Anne Sullivan

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Anne Sullivan in 1887

Anne Sullivan, Annie Sullivan, or Johanna Mansfield Sullivan Macy (April 14, 1866 – October 20, 1936) was a trailblazer in the field of education. Her teaching of Helen Keller changed the manner in which children with disabilities were educated. She was kind and compassionate and never believed anyone was a hopeless case. Samuel Clemens (Mark Twain) dubbed her a "miracle worker."

Contents

Early Life

Anne Sullivan was born in Feeding Hills, Massachusetts. Her parents, Thomas Sullivan and Alice Clohessy, were poor Irish farmers who left Ireland in 1847 because of the Irish Potato Famine. Sullivan’s father was an alcoholic and sometimes abused her, but he also passed on to her Irish tradition and folklore. Her mother, suffering from tuberculosis, died when she was eight years old, and when she was ten, her father deserted her and her siblings, leaving them at the Massachusetts State Infirmary in Tewksbury. Sullivan spent all her time with her younger, crippled brother (who, like his mother, suffered from tuberculosis) in hopes that they would never be separated; however, Jimmie soon died in the infirmary.

When Sullivan was three years old she began having trouble with her eyesight; at age five, she contracted the eye disease trachoma, a bacterial disease that affects the eye and can often lead to blindness because of the scar tissue it creates. Sullivan underwent a long string of operations in attempts to fix her eyesight. Doctors in Tewksbury had made a few attempts to clean her eyelids, but these procedures did no good. Later, a Catholic priest and the chaplain of the nearest hospital, by the name of Father Barbara set out to correct her condition. He arranged a procedure at the hospital for her eyes. The doctors attempted to numb her eyes with cocaine before the procedure. This operation failed to correct her vision and more attempts were made. Father Barbara took her to the Boston City Infirmary this time where she had two more operations. After this attempt, her vision remained blurry and unchanged. Sullivan then returned to Tewksbury, against her will. After four years there, in 1880, she entered the Perkins School for the Blind where she underwent surgery and regained some of her sight. After regaining her eyesight and graduating as class valedictorian in 1886, the director of the Perkins School for the Blind, Michael Anagnos, recommended her to teach Helen Keller.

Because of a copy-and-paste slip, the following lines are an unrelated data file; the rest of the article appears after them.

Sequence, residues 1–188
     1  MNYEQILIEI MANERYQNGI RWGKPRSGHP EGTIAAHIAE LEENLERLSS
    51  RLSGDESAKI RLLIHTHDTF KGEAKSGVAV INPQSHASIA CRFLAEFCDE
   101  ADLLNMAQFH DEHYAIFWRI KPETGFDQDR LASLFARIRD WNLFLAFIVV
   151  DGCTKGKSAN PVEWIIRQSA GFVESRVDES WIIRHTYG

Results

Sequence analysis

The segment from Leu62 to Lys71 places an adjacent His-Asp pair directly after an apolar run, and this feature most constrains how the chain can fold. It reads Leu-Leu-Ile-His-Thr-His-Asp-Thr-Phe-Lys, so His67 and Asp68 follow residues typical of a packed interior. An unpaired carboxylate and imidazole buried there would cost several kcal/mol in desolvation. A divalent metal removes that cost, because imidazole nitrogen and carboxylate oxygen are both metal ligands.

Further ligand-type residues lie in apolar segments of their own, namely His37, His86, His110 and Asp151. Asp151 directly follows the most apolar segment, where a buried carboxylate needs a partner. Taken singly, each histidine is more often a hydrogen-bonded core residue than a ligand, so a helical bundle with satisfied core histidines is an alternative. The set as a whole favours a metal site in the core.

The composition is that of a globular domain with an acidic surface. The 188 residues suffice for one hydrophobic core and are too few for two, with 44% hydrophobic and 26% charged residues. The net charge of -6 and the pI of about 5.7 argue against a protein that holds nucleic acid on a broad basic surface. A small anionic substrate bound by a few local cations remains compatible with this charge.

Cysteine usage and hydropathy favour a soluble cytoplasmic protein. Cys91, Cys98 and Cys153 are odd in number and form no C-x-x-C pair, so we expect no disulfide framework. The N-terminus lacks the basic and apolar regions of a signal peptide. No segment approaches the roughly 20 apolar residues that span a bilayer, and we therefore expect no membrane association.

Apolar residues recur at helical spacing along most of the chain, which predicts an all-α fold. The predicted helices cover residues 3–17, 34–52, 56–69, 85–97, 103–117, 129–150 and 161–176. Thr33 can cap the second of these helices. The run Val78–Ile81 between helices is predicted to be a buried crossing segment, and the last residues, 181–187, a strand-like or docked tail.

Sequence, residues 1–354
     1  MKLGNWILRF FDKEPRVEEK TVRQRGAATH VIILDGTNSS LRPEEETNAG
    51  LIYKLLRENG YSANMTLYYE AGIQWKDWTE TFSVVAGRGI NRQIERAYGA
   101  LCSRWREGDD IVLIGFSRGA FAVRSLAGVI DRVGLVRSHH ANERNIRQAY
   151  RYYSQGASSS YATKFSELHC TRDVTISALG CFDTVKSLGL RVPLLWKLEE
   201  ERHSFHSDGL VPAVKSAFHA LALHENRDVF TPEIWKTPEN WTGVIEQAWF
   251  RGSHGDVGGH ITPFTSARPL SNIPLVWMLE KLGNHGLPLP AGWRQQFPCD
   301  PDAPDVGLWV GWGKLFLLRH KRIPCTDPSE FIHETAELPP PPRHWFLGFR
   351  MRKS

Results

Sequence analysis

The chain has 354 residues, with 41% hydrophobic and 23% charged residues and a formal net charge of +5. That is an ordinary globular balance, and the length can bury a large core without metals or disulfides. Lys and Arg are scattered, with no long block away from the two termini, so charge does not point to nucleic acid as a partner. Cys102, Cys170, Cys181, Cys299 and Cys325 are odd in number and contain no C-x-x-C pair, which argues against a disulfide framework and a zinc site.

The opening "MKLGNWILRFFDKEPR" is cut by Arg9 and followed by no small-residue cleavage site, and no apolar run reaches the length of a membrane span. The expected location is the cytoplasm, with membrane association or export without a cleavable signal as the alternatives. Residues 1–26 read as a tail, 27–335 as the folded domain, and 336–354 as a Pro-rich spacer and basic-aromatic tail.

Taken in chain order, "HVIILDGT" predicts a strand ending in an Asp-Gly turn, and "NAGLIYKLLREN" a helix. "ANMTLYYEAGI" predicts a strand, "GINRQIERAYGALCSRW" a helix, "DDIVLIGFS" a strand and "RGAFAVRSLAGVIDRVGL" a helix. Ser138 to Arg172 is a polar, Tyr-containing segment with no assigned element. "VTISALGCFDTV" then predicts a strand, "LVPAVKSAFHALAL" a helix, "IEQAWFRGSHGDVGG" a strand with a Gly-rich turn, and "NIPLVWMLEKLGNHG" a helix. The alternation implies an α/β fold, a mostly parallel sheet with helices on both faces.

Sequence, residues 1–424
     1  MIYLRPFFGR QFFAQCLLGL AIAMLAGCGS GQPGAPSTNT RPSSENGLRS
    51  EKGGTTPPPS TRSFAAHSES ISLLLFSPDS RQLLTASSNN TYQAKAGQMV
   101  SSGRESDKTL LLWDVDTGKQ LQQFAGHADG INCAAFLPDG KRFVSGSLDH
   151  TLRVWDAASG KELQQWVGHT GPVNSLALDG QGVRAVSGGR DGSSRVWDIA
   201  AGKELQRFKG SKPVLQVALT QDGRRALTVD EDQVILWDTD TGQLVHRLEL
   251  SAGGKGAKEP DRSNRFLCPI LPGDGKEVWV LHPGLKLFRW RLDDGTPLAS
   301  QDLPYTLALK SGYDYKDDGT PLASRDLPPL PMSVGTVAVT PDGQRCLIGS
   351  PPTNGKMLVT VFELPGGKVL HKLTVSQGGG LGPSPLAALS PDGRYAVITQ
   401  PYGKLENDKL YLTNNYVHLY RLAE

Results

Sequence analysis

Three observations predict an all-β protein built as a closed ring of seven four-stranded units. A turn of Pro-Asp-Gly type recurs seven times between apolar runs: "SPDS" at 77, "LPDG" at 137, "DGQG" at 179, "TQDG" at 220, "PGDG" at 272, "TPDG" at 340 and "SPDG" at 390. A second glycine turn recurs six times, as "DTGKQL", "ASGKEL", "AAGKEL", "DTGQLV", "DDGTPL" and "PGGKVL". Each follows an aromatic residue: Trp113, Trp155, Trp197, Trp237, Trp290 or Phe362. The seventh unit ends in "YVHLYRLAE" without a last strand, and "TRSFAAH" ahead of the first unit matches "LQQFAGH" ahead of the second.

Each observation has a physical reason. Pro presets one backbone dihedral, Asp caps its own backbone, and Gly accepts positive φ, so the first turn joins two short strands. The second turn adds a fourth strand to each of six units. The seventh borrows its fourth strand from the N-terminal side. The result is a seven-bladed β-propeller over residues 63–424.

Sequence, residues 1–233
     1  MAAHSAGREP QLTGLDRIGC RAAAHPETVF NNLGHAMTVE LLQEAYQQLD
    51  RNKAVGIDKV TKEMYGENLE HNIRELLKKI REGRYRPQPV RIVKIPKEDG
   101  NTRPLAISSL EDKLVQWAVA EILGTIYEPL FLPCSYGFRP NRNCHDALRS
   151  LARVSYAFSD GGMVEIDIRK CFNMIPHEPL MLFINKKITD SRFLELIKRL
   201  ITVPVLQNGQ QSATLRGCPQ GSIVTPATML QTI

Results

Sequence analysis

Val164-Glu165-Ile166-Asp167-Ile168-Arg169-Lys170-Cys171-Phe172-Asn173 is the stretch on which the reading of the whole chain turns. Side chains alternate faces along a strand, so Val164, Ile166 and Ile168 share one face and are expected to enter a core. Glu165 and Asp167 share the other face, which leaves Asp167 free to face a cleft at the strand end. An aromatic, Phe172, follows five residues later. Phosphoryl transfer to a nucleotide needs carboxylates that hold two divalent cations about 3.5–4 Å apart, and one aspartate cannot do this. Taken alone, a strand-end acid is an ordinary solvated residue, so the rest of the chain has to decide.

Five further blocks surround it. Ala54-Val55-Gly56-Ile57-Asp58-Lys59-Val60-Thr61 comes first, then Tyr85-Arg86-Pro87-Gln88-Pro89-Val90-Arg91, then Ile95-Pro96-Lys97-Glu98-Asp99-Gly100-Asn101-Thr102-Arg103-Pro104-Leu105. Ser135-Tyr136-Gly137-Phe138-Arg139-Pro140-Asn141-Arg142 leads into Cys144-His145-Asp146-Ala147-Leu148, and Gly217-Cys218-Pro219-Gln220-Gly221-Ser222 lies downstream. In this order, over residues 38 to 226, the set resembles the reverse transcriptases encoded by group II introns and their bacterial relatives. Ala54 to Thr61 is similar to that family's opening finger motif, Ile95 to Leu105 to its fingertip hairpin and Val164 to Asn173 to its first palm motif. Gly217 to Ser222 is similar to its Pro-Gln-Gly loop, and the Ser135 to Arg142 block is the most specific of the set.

Teaching

Anne began teaching Helen when she was six years old. Helen had been deaf and blind due to a severe illness since the age of nineteen months. Since that time Helen had become quite unmanageable for her parents, Kate and Arthur Keller. Having nowhere else to turn they had contacted inventor and educator of the deaf, Alexander Graham Bell in Washington, DC for help. Bell suggested taking Helen Keller to the Perkins School for the Blind.

Anne Sullivan relocated to Tuscumbia, Alabama on March 3, 1887. She immediately started teaching Keller sign language. Helen was by then a spoiled and unruly child that terrorized her family with frequent temper tantrums. Sullivan saw through Keller's anger and confusion, realizing her student was a very bright child who needed patience and discipline. Not wanting to crush the child's spirit, Sullivan got no support from Keller's family who refused to correct the child. Sullivan was granted permission to remove Keller from the main house and live alone with her in the nearby cottage where she could teach the child obedience. Through her early persistence, she helped Helen develop a vocabulary and demonstrate an ability to learn. Anne Sullivan would let Helen touch things and then she would spell what the object was into Helen Keller's hand. Touching raised letters was her way of reading. In order to learn how to write, Sullivan got her a specially-designed board, grooved so that a pencil could form letters on the paper placed over it. Many of Helen Keller's lessons were held outdoors. Sullivan realized that deaf-blind children could learn by using their three remaining senses of touch, smell, and taste.